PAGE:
In 1591, William Pikes, a layman, suffered at Dorchester, as in cases of high treason, for being reconciled to the Church of Rome, and denying the Queen's spiritual supremacy. He was born in Dorsetshire, and dwelt in a farm called West Moore, in the parish of Parley, four or five miles from Christchurch.

Three years afterwards four persons were executed at Dorchester on the penal statutes the same day, which was July 4, 1594: these were John Cornelius alias Mohun, a priest, who, a little before his apprehension, had become a Jesuit ; Thomas Bosgrave, a Cornish gentleman, and a relation to Sir John Arundel, who happened to be upon a visit at the house of the latter's widow; John, otherwise Terence, Carey, and Patrick Salmon, both servants in the family. The first-mentioned was arraigned, and found guilty of high treason, for being a priest, and for coming into the kingdom, and remaining there; the three others were condemned for felony, in aiding and assisting the former. The year following these executions a dreadful plague ensued, which carried off so many of the townsmen that the living were not sufficient to bury the dead. The Roman Catholics looked upon this as a judgment.
    A particular account of the capture, examination, trial, and execution of John Cornelius, is to be found in the fifth book of a Spanish work, intituled "Historia particular de la Persecution de Inglaterra, y de los Matirios mas insignes que en el avido, desde el Anno del Senior 1570. Madrid, 1599." It appears from this narrative that he was taken in a country house near the sea (probably Chideock), inhabited by the widow of Sir John Arundel, commonly called the great Arundel. There were executed with Cornelius, Thomas Bosgrave, a nephew of Sir John Arundel, taken at the same time with Cornelius, two other Catholics belonging to the same family, whom the writer calls Patrick and John, without mentioning their surnames, and a felon, condemned for a robbery. Some time after the execution the townsmen requested the Sheriff to remove the head of Cornelius, which had been nailed to the gallows, alleging that they had suffered great losses in their harvest by the tempests which had arisen, as had happened at other times on like occasions. As this is the narrative of a zealous Catholic, it must be read with a due degree of allowance, as well as the foregoing memoirs.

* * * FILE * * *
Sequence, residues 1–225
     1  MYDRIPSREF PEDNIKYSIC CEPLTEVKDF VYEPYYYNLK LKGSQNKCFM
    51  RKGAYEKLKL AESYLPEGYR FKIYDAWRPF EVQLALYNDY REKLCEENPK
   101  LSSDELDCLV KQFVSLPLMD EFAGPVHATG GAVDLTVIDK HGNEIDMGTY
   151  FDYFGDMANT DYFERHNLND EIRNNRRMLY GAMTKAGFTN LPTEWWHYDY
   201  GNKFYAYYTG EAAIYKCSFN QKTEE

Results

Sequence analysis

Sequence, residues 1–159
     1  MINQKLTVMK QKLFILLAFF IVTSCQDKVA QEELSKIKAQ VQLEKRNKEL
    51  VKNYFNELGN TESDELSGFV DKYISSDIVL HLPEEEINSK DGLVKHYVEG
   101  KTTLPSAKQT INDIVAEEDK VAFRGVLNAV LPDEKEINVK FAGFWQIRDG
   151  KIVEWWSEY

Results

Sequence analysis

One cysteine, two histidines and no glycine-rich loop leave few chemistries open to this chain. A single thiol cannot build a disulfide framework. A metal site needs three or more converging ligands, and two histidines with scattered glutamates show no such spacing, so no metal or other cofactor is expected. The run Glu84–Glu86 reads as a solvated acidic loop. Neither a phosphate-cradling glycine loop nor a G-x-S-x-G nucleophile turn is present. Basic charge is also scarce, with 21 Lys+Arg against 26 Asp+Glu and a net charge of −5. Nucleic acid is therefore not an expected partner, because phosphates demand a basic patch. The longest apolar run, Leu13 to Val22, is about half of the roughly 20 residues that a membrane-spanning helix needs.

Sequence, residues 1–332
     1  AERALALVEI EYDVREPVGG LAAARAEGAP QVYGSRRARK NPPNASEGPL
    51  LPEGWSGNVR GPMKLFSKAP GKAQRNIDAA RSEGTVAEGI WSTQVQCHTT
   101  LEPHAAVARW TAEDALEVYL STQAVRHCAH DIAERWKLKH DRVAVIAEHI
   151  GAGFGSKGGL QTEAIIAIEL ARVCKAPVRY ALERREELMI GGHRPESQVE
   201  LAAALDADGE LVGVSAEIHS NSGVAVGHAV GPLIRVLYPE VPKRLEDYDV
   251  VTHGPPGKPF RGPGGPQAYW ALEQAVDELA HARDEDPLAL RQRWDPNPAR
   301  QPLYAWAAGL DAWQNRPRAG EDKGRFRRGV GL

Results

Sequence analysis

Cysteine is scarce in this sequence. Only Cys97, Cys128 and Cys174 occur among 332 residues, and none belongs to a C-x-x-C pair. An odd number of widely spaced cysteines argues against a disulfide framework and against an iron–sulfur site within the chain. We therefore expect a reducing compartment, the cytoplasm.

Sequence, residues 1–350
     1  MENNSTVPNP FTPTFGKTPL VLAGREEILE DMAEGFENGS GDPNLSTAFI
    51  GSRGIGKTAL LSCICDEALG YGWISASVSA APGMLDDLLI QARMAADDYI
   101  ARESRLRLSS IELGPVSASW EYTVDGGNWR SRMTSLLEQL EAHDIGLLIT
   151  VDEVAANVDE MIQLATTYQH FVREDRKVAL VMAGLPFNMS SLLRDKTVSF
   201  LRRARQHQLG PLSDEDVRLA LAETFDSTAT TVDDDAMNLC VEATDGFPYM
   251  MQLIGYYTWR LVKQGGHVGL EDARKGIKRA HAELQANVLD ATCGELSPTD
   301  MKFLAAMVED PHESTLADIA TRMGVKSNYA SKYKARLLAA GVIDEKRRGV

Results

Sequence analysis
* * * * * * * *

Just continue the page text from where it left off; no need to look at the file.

The last of these sufferers was Hugh Green alias Ferdinando Brooke, a priest, who was admitted into Douay College in 1610, and, returning to England in 1612, resided for many years in the house of Lady Arundel, at Chideock, near Bridport; until a proclamation being issued by Charles the First, in 1642, for all priests to depart from the kingdom by a certain day, Mr. Green took a resolution to withdraw to the continent, and with this view went to the port of Lyme. Here making known his character and intention, as the time prescribed was elapsed by two or three days, he was seized upon, arraigned, condemned, on account of his priestly character, and executed.